Advanced Energy Industries Inc. (AE) is closing down its solar inverter business, which is operated under AE Solar Energy Inc., AEI Power GmbH and their subsidiaries.
The company says it will now focus exclusively on its Precision Power business. The Coloradoan reports that the decision will result in layoffs from AE's Fort Collins, Colo.-based U.S. operations.
AE says it expects to record a pre-tax charge of approximately $260 million to $290 million related to the elimination of the solar inverter business operations, the majority of which will be recorded in the second quarter. Of this write-down, approximately $150 million relates to the impairment of goodwill and intangibles; $45 million to $75 million to the write-down of inventory, fixed and other assets; $15 million for employee termination cost; $10 million for tax valuation allowances; and the remaining $40 million for other costs to exit the business, the company says.
Cash costs for severance and other expenses related to this decision are expected to range from $30 million to $45 million, of which AE expects $20 million to $30 million to be paid out this year.
U.K.-based market analysis firm IHS says falling prices and difficulties in finding new markets have caused AE to retreat from the solar business. The company was unsuccessful in finding a buyer. According to IHS, AE ranked as the the third largest supplier globally in 2013 with a 4% market share. However in 2014, it dropped outside of the top 10 rankings following substantial market share loss in three-phase high-power inverters in the U.S. market. It also faced rapid price reductions in the U.S. market compared to the rest of the world.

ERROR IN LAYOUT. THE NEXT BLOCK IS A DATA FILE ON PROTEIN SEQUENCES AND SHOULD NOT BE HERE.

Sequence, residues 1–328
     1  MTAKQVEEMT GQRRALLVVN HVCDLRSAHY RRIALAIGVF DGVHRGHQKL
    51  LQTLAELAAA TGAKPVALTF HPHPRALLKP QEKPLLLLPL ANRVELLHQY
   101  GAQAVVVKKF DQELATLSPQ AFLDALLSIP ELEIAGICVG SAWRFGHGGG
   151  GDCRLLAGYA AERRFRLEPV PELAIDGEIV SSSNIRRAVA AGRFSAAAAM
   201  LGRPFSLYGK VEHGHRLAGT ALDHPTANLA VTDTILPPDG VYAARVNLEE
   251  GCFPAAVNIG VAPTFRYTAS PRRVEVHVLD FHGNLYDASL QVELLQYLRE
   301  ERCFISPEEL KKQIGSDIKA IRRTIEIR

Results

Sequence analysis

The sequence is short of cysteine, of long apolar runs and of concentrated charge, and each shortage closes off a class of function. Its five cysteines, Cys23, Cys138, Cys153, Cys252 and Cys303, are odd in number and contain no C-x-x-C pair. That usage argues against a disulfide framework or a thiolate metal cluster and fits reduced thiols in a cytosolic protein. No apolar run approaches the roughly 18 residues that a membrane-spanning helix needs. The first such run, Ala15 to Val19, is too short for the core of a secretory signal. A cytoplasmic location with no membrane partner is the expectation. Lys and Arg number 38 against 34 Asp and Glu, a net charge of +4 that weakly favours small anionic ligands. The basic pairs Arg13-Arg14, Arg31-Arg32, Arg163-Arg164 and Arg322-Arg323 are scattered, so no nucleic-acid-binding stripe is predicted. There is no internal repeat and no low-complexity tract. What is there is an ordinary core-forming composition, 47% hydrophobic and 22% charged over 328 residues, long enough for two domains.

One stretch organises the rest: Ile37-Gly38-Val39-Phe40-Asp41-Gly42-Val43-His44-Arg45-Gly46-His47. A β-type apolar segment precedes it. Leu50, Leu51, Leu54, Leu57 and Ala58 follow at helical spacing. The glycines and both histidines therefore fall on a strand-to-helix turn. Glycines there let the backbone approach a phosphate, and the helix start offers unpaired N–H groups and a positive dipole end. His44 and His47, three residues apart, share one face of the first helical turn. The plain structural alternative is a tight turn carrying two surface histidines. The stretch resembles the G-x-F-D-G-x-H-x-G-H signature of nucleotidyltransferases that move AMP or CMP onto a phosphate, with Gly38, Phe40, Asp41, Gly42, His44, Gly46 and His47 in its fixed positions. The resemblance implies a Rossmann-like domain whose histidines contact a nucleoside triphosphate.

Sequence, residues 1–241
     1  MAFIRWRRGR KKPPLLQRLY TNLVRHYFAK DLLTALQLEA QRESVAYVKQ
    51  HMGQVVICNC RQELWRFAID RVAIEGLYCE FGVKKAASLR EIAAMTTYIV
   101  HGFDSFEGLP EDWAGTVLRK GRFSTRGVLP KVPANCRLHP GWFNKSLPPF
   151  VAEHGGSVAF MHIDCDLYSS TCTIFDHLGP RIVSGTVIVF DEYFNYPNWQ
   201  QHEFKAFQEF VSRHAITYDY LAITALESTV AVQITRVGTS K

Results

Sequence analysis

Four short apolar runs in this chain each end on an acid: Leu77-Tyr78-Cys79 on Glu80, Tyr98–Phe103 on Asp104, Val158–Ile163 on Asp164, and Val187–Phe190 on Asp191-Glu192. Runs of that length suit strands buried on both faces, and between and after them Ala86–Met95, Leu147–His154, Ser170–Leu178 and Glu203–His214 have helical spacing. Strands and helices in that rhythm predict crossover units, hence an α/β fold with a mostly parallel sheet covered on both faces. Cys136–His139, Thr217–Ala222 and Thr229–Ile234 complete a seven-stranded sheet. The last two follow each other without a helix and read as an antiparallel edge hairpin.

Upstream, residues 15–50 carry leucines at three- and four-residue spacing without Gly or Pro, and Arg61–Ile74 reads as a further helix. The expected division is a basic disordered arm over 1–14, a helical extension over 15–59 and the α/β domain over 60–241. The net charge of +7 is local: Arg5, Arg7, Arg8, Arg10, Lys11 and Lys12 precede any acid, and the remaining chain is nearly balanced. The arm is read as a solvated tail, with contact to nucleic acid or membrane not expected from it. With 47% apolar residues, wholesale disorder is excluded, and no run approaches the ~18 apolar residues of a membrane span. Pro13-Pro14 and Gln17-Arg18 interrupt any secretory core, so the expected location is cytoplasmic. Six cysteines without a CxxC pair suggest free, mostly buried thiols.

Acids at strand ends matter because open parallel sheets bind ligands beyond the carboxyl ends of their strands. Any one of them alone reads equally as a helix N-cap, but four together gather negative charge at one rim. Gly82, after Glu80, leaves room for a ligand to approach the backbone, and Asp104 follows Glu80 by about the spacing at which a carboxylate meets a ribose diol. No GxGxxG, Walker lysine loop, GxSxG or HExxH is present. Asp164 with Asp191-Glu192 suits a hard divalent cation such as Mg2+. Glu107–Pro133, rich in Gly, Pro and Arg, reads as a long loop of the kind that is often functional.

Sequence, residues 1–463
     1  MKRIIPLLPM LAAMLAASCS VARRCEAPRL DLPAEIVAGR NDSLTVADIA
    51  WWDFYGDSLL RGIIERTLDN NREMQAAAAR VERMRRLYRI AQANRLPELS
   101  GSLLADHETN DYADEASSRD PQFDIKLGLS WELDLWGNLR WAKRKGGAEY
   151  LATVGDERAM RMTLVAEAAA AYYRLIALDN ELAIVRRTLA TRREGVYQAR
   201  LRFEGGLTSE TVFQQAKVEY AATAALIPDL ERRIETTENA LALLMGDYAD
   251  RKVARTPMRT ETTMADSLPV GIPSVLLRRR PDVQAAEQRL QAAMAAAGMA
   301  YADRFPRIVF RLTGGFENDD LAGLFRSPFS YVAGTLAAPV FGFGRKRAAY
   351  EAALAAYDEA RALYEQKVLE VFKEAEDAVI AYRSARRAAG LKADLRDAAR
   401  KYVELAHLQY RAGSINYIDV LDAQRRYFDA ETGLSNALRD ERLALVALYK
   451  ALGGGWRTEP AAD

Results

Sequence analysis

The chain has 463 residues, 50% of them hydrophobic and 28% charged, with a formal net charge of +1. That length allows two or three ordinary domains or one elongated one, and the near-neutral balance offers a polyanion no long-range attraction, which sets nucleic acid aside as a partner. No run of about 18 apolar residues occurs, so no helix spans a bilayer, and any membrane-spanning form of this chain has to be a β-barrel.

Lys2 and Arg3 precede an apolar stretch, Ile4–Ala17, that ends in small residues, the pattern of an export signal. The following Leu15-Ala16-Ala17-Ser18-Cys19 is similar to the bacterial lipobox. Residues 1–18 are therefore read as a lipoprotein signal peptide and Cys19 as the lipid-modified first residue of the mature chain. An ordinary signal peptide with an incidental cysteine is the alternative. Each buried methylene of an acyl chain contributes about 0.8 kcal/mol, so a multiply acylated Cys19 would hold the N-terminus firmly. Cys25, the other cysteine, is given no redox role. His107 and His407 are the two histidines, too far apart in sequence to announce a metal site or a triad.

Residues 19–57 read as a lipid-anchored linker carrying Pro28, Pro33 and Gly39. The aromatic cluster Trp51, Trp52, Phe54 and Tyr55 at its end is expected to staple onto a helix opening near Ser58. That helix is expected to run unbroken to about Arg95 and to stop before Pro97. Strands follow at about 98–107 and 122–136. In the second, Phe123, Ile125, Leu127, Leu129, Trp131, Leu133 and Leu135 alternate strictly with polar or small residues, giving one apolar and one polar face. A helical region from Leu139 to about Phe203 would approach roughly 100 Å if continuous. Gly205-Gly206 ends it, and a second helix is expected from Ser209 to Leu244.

Cormac Gilligan, senior solar supply chain analyst at IHS Technology, says one of AE's key strengths in the past has been to use the profit generated from its other businesses, such as semiconductor equipment, to acquire competitors. However, following the acquisition of RefuSol in 2013, demand for inverters transitioned quickly from Europe to Asia, and in addition, inverter prices decreased rapidly, which heavily impacted AE's revenues.
Although AE tried to expand its presence in other high-growth markets, such as the U.K., India and Japan, and promote its string inverter technology via the RefuSol acquisition, most of these markets were extremely competitive. As a result, Gilligan says, AE has been unable to compensate for its lost market share in the U.S. with growth in new international markets.
Gilligan points out that AE's exit from the solar inverter market will leave a large void in the commercial- and utility-scale segments in the U.S., representing a significant opportunity for a range of suppliers, such as ABB, Schneider Electric, TMEIC or Power Electronics, to grow their presence. Also, Chinese inverter suppliers, such as Sungrow, TBEA and Huawei, may recognize this as their opportunity to build their presence in the market.